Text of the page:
limit laws for uniform convergence

As might be expected, the usual (pointwise) limit laws — for instance, that the sum of limits is the limit of sums — have analogues for uniform limits. The laws for uniform limits are usually not mentioned in elementary textbooks, but they are useful in situations where having uniform convergence is crucial, such as when working with infinite sums or products of holomorphic or meromorphic functions.

The uniform laws may be derived simply by reinterpreting the pointwise proofs from any calculus text, with some extra conditions. Some of these results are listed below.

In the following, $X$ is a metric space, and $Y$ is another metric space (with the appropriate operations defined), while $f_{n}\colon X\to Y$ and $g_{n}\colon X\to Y$ (with $n\in\mathbb{N}$) are functions that converge uniformly on $X$ to $f\colon X\to Y$ and $g\colon X\to Y$, respectively. (For example, $X$ and $Y$ may be $\mathbb{C}$, the complex plane.)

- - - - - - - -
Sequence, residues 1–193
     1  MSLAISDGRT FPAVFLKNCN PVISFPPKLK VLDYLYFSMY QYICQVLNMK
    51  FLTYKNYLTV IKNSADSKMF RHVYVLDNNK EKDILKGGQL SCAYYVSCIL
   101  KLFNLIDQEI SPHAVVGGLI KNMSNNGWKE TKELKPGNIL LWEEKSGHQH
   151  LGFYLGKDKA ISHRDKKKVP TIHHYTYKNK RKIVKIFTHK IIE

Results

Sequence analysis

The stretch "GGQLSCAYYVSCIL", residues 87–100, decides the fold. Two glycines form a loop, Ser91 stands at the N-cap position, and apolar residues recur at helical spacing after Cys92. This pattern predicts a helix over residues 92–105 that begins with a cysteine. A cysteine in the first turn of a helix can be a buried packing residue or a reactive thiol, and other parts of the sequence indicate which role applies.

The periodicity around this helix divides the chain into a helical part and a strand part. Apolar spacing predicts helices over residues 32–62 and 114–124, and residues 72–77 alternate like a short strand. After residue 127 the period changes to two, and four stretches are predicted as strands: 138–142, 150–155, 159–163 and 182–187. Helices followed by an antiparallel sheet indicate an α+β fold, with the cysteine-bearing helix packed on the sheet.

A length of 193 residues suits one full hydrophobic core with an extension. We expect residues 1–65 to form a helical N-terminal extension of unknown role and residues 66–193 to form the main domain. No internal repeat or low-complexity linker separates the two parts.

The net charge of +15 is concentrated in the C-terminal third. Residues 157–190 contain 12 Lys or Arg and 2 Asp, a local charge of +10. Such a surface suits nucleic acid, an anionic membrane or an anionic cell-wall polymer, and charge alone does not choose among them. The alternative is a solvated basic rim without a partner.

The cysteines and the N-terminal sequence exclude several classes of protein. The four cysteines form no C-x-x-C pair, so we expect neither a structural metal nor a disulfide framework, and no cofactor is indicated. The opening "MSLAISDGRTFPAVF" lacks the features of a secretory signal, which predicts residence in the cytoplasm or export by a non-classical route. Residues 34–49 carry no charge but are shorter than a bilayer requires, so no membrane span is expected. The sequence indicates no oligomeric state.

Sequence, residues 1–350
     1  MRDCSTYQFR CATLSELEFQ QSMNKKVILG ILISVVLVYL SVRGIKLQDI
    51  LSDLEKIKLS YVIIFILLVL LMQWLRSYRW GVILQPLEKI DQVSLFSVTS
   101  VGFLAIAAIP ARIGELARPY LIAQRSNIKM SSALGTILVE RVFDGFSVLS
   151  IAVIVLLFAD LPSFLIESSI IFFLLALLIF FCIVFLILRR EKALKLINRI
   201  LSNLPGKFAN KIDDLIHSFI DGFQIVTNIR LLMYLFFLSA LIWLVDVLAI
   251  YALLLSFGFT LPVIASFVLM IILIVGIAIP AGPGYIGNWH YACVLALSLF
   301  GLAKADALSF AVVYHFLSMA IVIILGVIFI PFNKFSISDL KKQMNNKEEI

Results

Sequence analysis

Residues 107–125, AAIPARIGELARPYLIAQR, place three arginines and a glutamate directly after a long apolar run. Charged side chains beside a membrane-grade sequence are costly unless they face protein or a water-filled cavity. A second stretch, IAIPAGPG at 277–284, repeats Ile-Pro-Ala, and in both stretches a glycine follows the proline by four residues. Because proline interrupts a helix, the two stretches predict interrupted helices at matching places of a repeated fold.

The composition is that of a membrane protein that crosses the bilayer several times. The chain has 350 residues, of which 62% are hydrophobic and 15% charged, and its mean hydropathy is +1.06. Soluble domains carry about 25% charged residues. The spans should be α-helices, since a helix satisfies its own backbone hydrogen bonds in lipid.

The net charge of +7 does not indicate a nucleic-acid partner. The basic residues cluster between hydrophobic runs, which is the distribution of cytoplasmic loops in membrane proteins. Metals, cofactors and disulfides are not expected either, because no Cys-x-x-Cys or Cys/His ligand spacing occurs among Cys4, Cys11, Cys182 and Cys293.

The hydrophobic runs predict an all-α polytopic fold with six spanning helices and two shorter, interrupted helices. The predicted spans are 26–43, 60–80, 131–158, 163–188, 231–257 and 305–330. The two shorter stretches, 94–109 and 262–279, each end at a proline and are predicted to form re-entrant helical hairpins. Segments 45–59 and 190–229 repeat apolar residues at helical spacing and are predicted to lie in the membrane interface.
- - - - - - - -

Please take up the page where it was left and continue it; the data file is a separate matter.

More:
Theorem 1.

If $Y$ is a normed vector space, then $f_{n}+g_{n}$ uniformly converge to $f+g$.

Theorem 2.

If $Y$ is a Banach algebra, and both $f(X)$ and $g(X)$ are bounded, then $f_{n}\cdot g_{n}$ uniformly converge to $f\cdot g$.

Theorem 3.

Let $Z$ be another metric space. Suppose that $X$ is compact, $Y$ is locally compact, and $f\colon X\to Y$, and $h\colon Y\to Z$ are continuous functions. Then $h\circ f_{n}$ converge to $h\circ f$ uniformly.

Title limit laws for uniform convergence LimitLawsForUniformConvergence 2013-03-22 15:23:06 2013-03-22 15:23:06 stevecheng (10074) stevecheng (10074) 4 stevecheng (10074) Theorem msc 40A30